The Wegelnburg is a ruined castle near Schönau in the Palatinate Forest. It was founded by the Hohenstaufens in the 12th or 13th century. It had to protect the border of the Hohenstaufens’ territory. In 1272, the castle was destroyed because the castellan had committed a breach of the peace. The von Wegelnburg family rebuilt the castle.
In 1330 the Wegelnburg was pawned to the Palatinate and in 1417 it was given to the Duchy of Zweibrücken through barter. Because of the Treaty of Nijmegen the castle was destroyed by French troops under General Monclar in 1679. Owned by the Palatinate and then by Bavaria, the Wegelnburg was given to Rhineland-Palatinate and has been administered by its Castles Administration since 1963. During the restoration work from 1979 until 1982 the remains of the castle were saved and large amounts of rubble were removed.
Wegelnburg Castle was divided into three wards: a lower, middle and upper bailey, the lower bailey only being established on the western side. The internal gateway has been preserved and restored. Rock staircases, hewn into the sandstone rock, enable access to the upper ward. Niches, various timber holes, another stair and some renewed arches can be seen in the lower and middle wards.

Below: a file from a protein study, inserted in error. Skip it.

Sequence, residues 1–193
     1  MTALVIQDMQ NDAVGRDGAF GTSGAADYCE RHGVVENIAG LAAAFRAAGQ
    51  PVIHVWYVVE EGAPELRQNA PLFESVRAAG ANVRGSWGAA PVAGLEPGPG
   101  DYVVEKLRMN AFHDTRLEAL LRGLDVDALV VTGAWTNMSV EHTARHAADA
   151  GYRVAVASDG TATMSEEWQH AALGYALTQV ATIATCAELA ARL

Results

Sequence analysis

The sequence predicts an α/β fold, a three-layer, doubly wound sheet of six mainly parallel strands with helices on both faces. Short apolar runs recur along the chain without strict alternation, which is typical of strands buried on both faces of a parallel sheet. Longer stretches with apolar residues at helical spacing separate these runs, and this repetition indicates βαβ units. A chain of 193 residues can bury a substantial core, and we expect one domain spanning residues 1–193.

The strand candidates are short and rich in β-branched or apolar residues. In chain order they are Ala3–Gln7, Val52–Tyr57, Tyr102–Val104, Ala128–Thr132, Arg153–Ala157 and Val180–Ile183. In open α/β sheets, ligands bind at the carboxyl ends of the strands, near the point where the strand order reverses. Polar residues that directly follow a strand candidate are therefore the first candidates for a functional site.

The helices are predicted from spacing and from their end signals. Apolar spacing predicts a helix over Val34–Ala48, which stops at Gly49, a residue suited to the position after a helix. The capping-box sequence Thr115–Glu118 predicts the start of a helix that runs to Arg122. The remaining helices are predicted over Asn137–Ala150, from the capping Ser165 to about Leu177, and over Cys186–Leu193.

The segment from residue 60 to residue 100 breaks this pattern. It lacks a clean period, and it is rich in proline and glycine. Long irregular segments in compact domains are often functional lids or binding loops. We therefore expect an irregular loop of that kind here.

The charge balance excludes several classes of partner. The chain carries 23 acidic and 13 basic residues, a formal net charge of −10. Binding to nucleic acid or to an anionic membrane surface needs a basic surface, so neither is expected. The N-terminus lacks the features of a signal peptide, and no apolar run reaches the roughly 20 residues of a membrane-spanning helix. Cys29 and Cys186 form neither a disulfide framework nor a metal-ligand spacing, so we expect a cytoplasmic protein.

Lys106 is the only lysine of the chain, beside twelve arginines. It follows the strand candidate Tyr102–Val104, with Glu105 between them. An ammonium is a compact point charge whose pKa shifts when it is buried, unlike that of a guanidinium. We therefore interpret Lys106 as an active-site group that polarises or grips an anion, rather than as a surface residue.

The foundation walls on the sandstone rock are remarkable because of the smooth transition of the wall and the rock. Together with the rock caves they belong to the upper and middle bailey.References:
Sirmione castle was built near the end of the 12th century as part of a defensive network surrounding Verona. The castle was maintained and extended first as part of the Veronese protection against their rivals in Milan and later under the control of the Venetian inland empire. The massive fortress is totally surrounded by water and has an inner porch which houses a Roman and Medieval lapidary. From the drawbridge, a staircase leads to the walkways above the walls, providing a marvellous view of the harbour that once sheltered the Scaliger fleet. The doors were fitted with a variety of locking systems, including a drawbridge for horses, carriages and pedestrians, a metal grate and, more recently, double hinged doors. Venice conquered Sirmione in 1405, immediately adopting provisions to render the fortress even more secure, fortifying its outer walls and widening the harbour.
Thanks to its strategical geographical location as a border outpost, Sirmione became a crucial defence and control garrison for the ruling nobles, retaining this function until the 16th century, when its role was taken up by Peschiera del Garda.